The pair have spent their first nights inside a room at the centre as they readjust. The eventual goal is to reintroduce them into the wild, but as they were orphaned at only two months they don't yet have the forest skills to survive.
The centre was paid for in large part by British businessman, Adam Murray, who donated over $100,000 (60,000) to the project. Part of those funds went to build a school for the local community who will be living next door to the gorillas.
The centre, which it is hoped will become a hub for veterinary medicine in the region, is still short of the fund it needs for completion. Another $150,000 is being urgently sought, and the UN Foundation has offered to match any funds raised by the park authorities by the end of this month through an online campaign (www.gorilla.cd).
Emmanuel de Merode, the park's director, envisages the facility being a place where Congolese children can come to observe the gorillas in their habitat and help to build a bridge between local people and the spectacular mega fauna that live in the mountains above them.
"We are asking these people to help protect the gorillas, but most of them have never seen a gorilla," he said.
The first observation platform is close to completion and there are plans for a raft of education projects. The director says that it would be unjustifiable to spend the money without a strong outreach to local communities who live far below the poverty line.
Ndeze and Ndakasi are two of only 700 mountain gorillas left in the wild. Their brethren have been hemmed within two small areas, one in Uganda's Bwindi Impenetrable Forest and the other on the chain of Virunga volcanoes that stud the border connecting Uganda to Congo and Rwanda.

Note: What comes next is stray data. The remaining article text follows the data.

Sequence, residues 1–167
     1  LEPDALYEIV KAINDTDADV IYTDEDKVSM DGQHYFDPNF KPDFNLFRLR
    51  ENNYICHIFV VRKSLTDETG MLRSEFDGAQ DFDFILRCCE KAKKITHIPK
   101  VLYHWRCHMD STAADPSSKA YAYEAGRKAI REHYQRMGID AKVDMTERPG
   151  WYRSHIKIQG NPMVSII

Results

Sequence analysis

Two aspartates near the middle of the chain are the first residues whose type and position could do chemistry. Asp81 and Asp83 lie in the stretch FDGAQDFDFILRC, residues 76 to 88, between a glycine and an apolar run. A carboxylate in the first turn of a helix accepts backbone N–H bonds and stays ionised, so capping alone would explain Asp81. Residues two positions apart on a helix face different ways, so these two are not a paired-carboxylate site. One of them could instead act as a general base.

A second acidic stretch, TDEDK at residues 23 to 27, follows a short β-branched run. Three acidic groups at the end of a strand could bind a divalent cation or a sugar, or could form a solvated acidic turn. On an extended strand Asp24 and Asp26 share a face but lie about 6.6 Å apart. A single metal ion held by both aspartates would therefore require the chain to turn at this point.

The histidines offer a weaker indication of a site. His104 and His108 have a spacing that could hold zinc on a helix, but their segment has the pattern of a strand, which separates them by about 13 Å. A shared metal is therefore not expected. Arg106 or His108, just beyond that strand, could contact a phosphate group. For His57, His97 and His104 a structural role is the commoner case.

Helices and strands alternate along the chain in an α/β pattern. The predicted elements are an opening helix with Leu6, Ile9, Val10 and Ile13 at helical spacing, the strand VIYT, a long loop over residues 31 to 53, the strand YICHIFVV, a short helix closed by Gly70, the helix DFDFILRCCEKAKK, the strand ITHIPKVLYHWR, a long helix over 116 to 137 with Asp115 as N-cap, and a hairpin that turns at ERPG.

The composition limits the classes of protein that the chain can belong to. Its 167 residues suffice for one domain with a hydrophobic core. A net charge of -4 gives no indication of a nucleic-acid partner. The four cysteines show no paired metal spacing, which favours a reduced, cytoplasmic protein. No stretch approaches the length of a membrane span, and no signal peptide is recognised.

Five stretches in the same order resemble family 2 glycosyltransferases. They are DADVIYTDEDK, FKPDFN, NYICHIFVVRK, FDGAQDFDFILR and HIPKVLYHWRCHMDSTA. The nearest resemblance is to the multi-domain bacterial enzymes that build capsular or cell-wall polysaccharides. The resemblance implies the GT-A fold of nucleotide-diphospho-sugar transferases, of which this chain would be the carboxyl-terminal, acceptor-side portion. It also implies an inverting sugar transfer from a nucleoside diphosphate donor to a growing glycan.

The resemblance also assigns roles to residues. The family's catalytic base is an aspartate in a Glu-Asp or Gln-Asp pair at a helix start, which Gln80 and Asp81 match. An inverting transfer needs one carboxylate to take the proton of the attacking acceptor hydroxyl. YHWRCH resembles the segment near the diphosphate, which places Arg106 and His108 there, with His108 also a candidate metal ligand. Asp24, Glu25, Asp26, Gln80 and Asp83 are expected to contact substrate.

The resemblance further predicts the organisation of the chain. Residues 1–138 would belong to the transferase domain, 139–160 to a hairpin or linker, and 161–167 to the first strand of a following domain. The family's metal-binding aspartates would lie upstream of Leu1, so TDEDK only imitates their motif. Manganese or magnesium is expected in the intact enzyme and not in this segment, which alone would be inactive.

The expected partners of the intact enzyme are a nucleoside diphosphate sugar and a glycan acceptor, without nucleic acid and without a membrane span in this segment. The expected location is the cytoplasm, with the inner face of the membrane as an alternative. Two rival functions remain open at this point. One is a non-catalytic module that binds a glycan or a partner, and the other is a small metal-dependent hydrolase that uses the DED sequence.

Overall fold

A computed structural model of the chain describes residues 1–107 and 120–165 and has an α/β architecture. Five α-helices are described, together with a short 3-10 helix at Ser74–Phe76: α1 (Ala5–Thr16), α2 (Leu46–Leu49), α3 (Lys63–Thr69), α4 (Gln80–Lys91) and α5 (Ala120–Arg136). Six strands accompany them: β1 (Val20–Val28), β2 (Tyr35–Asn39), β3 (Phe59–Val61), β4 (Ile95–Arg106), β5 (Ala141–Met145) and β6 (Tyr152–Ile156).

Since the plight of the gorillas was first brought to international attention by Louis Leakey and Dian Fossey, the surviving apes have been threatened by poachers, a series of wars and the backwash from the genocide in Rwanda. Today, the greatest threat to Congo's gorillas is charcoal. Virunga, Africa's oldest national park, has been losing 15 percent of its forest cover every year to the charcoal kilns. It was control over the lucrative trade, worth $30m a year, that led to the gorilla massacres as a corrupt faction of the park authorities ordered their murders as a warning to rangers who were trying to counter the charcoal gangs.
The scandal led to the arrest of former park director Honore Mashagiro. His departure led to the Belgian anthropologist and long time conservationist, Mr de Merode, being given charge of the extraordinary reserve. Home to the unique Okapi, hundreds of bird species, the Rwindi elephants and hippos of Lake Albert, Virunga is one of the richest areas of biodiversity on the planet. The new park administration has launched an ambitious alternative fuel programme in an attempt to break the link between poverty, deforestation and the charcoal trade. They are distributing kits to local communities to manufacture fuel briquettes from plant waste that can be used instead of charcoal on the stoves people use to boil water and cook food.